Nuclear Halt in South Korea Seen Boosting Coal: Energy Markets

Nuclear Halt in South Korea Seen Boosting Coal
Conveyor belts shuttle coal at Korea East-West Power Co.'s Dangjin thermal power plant in Dangjin, South Korea, 2007. Photographer: Seokyong Lee/Bloomberg

South Korea may expand record imports of power-station coal as a nuclear-plant failure that was hidden for a month stokes opposition to atomic energy a year after Japan’s Fukushima disaster.

Korea Electric Power Corp., the nation’s electricity monopoly, says it may boost coal purchases to replace nuclear power generation if the Kori 1 reactor remains shut and the government fails to extend the lifespan of a second reactor. Kori 1 was closed for safety checks on March 13, five weeks after a power failure caused the temperature of its core to rise. The operating permit for Wolsong 1 expires in November.

Asia’s fourth-biggest economy may increase its reliance on coal just as China and India buy unprecedented amounts of the fuel and prices rebound from a slump. While generating electricity from coal costs almost twice as much as atomic energy, it is cheaper than natural gas or oil, according to the Korea Energy Economics Institute.

“Economically, coal is the best,” said Osamu Fujisawa, an independent energy economist in Tokyo who estimates coal imports may gain as much as 2.45 million metric tons a year if both South Korean reactors are closed. “If you’re trying to increase summer power generation, coal is the best in terms of cost.”

South Korea’s imports of thermal coal were a record 94.5 million tons last year, up from 87.8 million in 2010, according to Simpson Spence & Young Ltd., a London-based shipbroker. The nation was the world’s third-largest importer after China and Japan. The country will buy 103 million tons of seaborne thermal coal this year, Bank of America Corp. said in an April 3 report by its Merrill Lynch unit.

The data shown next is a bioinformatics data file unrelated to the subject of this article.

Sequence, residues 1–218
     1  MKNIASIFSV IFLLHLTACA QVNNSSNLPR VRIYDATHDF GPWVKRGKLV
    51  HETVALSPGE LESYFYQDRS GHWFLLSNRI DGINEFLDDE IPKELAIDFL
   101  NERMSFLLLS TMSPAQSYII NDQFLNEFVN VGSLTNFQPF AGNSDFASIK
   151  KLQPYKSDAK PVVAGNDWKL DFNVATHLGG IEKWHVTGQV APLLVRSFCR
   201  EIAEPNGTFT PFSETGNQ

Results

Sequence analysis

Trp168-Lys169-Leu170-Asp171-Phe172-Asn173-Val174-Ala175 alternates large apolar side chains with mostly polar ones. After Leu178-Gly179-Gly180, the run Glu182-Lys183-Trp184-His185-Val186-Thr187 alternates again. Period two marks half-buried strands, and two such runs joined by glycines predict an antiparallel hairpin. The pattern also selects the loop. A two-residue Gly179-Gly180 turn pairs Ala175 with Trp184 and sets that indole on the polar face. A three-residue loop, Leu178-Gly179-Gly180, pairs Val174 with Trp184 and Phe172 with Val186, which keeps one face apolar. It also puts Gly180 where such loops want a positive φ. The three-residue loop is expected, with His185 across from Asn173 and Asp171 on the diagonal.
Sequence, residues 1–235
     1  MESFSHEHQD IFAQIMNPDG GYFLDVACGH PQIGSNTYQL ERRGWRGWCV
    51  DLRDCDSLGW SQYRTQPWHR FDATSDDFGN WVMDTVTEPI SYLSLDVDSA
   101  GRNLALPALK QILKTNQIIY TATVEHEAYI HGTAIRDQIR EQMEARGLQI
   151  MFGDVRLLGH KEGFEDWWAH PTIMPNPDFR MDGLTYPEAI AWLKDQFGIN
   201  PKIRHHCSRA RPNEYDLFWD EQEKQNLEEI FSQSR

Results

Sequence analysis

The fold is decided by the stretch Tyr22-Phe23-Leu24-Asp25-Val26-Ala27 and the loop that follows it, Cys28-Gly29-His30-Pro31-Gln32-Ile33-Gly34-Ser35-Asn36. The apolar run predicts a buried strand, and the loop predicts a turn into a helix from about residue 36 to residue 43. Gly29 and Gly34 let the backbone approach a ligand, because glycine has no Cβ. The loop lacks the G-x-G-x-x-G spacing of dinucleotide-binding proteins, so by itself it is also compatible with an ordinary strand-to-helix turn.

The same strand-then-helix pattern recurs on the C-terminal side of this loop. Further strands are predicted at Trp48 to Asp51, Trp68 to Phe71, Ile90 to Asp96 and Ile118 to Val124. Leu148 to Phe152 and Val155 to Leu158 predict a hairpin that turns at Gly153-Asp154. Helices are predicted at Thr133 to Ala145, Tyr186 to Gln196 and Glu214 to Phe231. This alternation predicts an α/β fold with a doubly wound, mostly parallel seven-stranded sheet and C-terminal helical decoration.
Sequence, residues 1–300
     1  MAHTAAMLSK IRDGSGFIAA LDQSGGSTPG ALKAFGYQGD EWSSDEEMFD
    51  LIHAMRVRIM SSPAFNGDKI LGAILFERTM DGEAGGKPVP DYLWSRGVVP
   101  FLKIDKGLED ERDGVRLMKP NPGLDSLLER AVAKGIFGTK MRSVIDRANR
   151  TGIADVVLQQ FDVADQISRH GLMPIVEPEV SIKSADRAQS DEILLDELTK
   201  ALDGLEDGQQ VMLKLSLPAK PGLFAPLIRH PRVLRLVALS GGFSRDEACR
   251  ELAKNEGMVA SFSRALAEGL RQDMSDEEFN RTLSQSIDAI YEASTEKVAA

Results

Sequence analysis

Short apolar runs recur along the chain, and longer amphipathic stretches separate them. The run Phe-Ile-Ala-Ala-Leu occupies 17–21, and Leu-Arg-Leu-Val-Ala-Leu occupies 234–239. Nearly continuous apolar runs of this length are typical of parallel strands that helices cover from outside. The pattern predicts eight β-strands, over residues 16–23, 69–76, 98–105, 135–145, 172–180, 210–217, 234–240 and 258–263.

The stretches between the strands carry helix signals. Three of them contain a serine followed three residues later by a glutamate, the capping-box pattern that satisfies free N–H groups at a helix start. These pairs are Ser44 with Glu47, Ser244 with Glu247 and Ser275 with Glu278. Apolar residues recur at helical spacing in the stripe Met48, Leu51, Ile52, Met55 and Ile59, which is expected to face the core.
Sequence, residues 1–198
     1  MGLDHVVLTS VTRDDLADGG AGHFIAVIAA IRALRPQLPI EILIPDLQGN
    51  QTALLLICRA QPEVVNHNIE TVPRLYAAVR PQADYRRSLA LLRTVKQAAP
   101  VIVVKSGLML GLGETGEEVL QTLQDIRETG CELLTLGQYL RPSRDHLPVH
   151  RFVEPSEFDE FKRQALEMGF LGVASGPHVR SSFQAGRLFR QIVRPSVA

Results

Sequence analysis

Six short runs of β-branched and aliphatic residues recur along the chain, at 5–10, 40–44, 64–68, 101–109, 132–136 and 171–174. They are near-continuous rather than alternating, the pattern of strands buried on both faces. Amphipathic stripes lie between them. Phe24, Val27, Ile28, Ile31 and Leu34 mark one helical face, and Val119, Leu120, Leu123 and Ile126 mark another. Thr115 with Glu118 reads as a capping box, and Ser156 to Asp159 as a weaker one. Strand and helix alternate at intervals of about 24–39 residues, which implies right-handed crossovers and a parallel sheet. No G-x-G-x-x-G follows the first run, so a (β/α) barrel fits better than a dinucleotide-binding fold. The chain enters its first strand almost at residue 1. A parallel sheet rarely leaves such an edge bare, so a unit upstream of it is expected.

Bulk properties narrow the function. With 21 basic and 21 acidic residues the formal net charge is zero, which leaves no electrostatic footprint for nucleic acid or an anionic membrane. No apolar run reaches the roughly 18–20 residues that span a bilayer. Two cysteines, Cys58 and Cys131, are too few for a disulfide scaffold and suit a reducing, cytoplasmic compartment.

Price Outlook

Coal at Newcastle, Australia, with an energy value of 6,700 kilocalories per kilogram, a benchmark grade for Asia, gained $1.15 to $105.55 a ton in the seven days ended April 6. Prices dropped 14 percent the past two quarters, the steepest decline since the six months ended March 2009, amid rising supplies and a slowing global economy.

Indonesia, the world’s biggest exporter of thermal coal, cut its reference price this month for sales of the fuel with a heating value of 6,322 kilocalories per kilogram to $105.61 a ton, the lowest level in 16 months.

Newcastle coal will average $109 a ton in the fourth quarter and $110 next year as China’s production costs gain and India faces domestic shortages, Merrill Lynch said in its report. India will import a record 117.8 million tons of power-station coal, up 7 percent from this year, and Chinese purchases will rise 11 percent to an all-time high of 115.7 million tons, its data show.

Credit Suisse Group AG cut its forecast for thermal coal at Newcastle as ample stockpiles and reduced industrial output in the northern hemisphere freed up Colombian coal for Asian buyers, the bank said today in a report. Prices will average $113 a metric ton this year from an earlier forecast of $126.